Soil exposure modifies the gut microbiota and supports immune tolerance in a mouse model

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http://hdl.handle.net/10138/312870

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Ottman , N , Ruokolainen , L , Suomalainen , A , Sinkko , H , Karisola , P , Lehtimaki , J , Lehto , M , Hanski , I , Alenius , H & Fyhrquist , N 2019 , ' Soil exposure modifies the gut microbiota and supports immune tolerance in a mouse model ' , Journal of Allergy and Clinical Immunology , vol. 143 , no. 3 , pp. 1198-1206.e12 . https://doi.org/10.1016/j.jaci.2018.06.024

Title: Soil exposure modifies the gut microbiota and supports immune tolerance in a mouse model
Author: Ottman, Noora; Ruokolainen, Lasse; Suomalainen, Alina; Sinkko, Hanna; Karisola, Piia; Lehtimaki, Jenni; Lehto, Maili; Hanski, Ilkka; Alenius, Harri; Fyhrquist, Nanna
Contributor: University of Helsinki, Biosciences
University of Helsinki, Helsinki Institute of Sustainability Science (HELSUS)
University of Helsinki, Department of Bacteriology and Immunology
University of Helsinki, Equine and Small Animal Medicine
University of Helsinki, HUMI - Human Microbiome Research
University of Helsinki, Centre of Excellence in Metapopulation Research
University of Helsinki, Biosciences
University of Helsinki, HUMI - Human Microbiome Research
University of Helsinki, HUMI - Human Microbiome Research
Date: 2019-03
Number of pages: 21
Belongs to series: Journal of Allergy and Clinical Immunology
ISSN: 0091-6749
URI: http://hdl.handle.net/10138/312870
Abstract: Background: Sufficient exposure to natural environments, in particular soil and its microbes, has been suggested to be protective against allergies. Objective: We aim at gaining more direct evidence of the environment-microbiota-health axis by studying the colonization of gut microbiota in mice after exposure to soil and by examining immune status in both a steady-state situation and during allergic inflammation. Methods: The gastrointestinal microbiota of mice housed on clean bedding or in contact with soil was analyzed by using 16S rRNA gene sequencing, and the data were combined with immune parameters measured in the gut mucosa, lung tissue, and serum samples. Results: We observed marked differences in the small intestinal and fecal microbiota composition between mice housed on clean bedding or in contact with soil, with a higher proportion of Bacteroidetes relative to Firmicutes in the soil group. The housing environment also influenced mouse intestinal gene expression, as shown by upregulated expression of the immunoregulatory markers IL-10, forkhead box P3, and cytotoxic T lymphocyte-associated protein 4 in the soil group. Importantly, using the murine asthma model, we found that exposure to soil polarizes the immune system toward T(H)1 and a higher level of anti-inflammatory signaling, alleviating T(H)2-ype allergic responses. The inflammatory status of the mice had a marked influence on the composition of the gut microbiota, suggesting bidirectional communication along the gut-lung axis. Conclusion: Our results provide evidence of the role of environmentally acquired microbes in alleviating against T(H)2-driven inflammation, which relates to allergic diseases.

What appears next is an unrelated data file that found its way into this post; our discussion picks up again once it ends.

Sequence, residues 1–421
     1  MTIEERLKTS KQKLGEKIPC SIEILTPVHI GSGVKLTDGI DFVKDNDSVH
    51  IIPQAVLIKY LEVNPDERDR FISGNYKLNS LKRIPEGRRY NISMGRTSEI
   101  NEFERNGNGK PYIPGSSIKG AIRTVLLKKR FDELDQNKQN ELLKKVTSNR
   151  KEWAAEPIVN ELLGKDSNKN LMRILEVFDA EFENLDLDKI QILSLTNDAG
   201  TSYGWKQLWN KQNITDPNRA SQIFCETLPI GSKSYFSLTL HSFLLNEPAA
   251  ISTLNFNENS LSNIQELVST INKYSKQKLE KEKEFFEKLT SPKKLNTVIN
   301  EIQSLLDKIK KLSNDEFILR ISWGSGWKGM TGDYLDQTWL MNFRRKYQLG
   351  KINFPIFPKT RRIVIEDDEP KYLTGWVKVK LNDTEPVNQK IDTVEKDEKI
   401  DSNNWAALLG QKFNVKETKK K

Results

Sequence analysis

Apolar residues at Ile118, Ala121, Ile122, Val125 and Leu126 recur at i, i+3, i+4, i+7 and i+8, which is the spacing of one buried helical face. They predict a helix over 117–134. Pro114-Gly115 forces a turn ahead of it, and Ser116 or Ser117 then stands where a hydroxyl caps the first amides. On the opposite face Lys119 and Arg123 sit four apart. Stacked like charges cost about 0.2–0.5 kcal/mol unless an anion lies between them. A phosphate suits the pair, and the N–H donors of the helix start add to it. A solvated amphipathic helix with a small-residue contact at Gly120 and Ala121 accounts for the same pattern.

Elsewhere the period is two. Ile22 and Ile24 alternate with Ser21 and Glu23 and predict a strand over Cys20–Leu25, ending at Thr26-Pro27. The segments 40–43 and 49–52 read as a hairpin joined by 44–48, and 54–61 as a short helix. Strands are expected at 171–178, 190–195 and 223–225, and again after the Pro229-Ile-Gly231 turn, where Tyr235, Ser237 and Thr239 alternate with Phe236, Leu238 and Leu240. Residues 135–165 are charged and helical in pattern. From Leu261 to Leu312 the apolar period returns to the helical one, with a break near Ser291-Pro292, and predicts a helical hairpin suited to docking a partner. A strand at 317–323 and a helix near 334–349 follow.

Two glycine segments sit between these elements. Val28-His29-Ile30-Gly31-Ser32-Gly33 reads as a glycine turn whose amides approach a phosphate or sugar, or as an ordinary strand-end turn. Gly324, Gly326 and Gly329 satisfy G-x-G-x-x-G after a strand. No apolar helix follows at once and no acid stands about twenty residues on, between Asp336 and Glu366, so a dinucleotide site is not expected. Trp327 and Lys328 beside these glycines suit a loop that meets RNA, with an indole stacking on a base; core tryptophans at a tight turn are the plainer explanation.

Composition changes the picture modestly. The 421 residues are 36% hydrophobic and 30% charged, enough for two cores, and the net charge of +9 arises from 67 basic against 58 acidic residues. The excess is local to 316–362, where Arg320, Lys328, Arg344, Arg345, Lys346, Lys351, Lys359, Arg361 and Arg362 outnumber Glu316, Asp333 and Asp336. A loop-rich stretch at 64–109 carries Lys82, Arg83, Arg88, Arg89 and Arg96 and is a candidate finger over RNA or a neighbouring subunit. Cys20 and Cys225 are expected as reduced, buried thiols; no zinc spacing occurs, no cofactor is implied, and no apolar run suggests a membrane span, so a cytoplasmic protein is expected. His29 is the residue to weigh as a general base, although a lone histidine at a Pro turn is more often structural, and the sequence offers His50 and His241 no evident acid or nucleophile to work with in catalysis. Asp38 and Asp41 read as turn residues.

Subject: Gut microbiota
biodiversity
immunity
living environment
gut-lung axis
mouse asthma model
SEGMENTED FILAMENTOUS BACTERIA
ENVIRONMENTAL BIODIVERSITY
HOUSE-DUST
ALLERGY
ASTHMA
INFLAMMATION
HEALTH
FARM
A20
SENSITIZATION
3111 Biomedicine
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